To wrap up, I just wanted to draw your attention to the fact that this book has earned its author name calling and other preposterous accusations, judgements as well as insults, only because the narrator is a girl. The reviewers judged the author and not the book or the story attacking her with all the hideous connotations just because the narrator has a lifestyle that doesn't fit to the reviewers' standards (Reference available upon request). These same double standard reviewers never attacked just to give an example Rachid Al Daif's book even though the narrator's name was Rachoud. They did not confuse for some reason the author with the narrator. Also it seems that men are entitled to write and live as they please while women are to be figuratively damned for it. What a shameful and sick mentality! But what reason do we need more to read the book and praise it and piss them off?

Yours Truly,


Friday, September 26, 2014

My Epistolar Traces

If you know me, or have read the blog, you would know by now my obsession about this Belgian author who answers to the name of "Amélie Nothomb".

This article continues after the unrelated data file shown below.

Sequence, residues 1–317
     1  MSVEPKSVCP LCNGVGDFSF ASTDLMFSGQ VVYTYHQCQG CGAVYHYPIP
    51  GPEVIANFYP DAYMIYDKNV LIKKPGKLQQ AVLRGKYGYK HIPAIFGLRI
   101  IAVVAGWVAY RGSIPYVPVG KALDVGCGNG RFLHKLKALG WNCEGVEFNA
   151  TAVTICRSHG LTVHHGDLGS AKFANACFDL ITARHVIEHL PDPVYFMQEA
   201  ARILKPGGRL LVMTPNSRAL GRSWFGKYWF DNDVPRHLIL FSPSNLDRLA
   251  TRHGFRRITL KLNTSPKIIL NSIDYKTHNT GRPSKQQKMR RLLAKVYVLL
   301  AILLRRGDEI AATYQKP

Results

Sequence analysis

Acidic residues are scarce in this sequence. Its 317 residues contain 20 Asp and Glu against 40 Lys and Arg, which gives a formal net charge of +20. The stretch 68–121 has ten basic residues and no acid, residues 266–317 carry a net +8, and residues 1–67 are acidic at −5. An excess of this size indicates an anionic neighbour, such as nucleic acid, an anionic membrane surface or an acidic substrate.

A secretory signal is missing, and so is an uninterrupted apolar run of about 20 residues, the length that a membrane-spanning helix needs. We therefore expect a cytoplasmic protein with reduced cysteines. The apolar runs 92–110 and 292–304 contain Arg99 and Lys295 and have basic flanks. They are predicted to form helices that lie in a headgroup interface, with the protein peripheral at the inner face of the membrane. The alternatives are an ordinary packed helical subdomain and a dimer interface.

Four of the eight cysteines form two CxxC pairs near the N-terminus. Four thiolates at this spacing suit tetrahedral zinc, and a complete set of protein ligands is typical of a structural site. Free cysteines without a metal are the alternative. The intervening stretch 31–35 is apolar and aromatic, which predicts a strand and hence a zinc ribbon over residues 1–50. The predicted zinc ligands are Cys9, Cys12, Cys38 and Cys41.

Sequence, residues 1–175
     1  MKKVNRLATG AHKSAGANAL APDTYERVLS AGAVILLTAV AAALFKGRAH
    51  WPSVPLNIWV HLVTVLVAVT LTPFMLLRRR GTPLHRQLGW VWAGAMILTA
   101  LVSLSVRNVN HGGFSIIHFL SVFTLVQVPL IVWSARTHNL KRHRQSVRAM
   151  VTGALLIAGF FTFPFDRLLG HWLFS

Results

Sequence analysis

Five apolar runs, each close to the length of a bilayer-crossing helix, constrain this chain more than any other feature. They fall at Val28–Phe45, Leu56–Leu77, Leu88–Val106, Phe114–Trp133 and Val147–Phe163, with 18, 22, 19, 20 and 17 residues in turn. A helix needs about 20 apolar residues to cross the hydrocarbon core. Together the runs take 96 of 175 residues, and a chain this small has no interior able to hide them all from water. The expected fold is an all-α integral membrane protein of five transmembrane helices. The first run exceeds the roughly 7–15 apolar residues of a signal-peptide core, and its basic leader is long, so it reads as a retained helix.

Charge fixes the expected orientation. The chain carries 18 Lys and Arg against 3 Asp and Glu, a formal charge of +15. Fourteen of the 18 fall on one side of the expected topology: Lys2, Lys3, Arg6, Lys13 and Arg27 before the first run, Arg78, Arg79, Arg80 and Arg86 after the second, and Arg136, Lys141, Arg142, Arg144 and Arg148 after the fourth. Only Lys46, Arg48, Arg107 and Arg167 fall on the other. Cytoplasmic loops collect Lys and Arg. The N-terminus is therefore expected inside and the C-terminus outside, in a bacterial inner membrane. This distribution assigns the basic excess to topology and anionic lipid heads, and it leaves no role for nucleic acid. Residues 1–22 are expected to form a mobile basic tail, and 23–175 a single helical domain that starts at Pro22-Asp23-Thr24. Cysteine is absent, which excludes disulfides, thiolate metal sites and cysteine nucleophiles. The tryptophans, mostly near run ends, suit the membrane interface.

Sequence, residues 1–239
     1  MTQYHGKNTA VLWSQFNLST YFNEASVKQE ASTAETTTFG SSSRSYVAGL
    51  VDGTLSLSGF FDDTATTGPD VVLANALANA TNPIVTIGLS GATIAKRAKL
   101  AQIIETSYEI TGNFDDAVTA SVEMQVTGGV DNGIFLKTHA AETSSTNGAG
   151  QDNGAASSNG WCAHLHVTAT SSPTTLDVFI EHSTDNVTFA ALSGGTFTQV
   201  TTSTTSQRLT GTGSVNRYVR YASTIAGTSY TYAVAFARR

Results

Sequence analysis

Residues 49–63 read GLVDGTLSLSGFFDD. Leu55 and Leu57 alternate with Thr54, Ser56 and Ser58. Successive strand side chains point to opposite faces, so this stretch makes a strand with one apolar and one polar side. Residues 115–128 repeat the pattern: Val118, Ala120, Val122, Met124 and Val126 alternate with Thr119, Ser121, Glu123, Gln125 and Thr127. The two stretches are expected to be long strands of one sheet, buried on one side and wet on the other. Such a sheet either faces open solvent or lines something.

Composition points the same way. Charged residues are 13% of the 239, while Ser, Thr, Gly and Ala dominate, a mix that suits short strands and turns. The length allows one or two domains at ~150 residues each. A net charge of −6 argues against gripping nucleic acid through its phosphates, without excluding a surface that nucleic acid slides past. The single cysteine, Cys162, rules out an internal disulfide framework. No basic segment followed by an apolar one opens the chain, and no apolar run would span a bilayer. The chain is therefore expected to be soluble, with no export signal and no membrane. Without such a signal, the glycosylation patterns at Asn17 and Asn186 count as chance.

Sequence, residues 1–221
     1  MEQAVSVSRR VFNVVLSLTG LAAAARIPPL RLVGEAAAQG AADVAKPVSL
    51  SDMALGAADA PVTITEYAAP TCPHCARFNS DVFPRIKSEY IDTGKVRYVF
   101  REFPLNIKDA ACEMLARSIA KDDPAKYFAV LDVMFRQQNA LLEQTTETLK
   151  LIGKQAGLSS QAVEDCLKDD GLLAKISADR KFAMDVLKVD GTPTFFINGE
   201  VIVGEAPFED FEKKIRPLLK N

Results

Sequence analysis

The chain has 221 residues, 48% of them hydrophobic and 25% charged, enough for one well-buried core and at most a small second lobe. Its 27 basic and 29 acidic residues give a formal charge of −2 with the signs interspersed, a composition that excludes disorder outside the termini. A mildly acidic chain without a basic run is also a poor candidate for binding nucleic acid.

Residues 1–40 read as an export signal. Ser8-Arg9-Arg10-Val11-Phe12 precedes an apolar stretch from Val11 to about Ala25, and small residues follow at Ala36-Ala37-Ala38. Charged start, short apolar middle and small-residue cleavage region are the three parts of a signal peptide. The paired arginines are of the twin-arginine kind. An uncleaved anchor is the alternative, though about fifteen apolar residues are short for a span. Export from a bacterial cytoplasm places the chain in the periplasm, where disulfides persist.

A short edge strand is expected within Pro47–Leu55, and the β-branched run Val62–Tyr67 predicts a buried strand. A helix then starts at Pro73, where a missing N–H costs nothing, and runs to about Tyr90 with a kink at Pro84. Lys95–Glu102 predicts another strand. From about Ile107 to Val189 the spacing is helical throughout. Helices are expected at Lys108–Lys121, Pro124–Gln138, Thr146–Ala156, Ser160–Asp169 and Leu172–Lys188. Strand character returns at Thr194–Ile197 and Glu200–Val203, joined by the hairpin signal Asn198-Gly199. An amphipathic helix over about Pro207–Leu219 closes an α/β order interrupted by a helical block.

(But please feel free to click here if you have no idea what I am talking about)

The other day, I stumbled on a letter I wrote to lady Nothomb on the 17th of January, 2010.  I couldn't help but read it of course, and it plunged me in the same emotional state that I was in when I first wrote those words to her. I also remembered how magical writing letters to each other is, and how very few people in Lebanon still do it. Most importantly, I realized all of sudden that aside from my reviews on the blog, I have almost no writings of my own, except for the letters I exchange with my friends and loved ones.

I have decided to share with you this personal letter (written in French) in an attempt to preserve the few witnesses of my pen traces and to urge you to write to each others as if mailing was the only means of communication known in your time. The world's greatest writers, poets and even scientists and rulers did it so why wouldn't you? Check it out yourself if you don't believe me by following this link.

And now for my letter:

"                                                                                                                                         Le 17-01-2010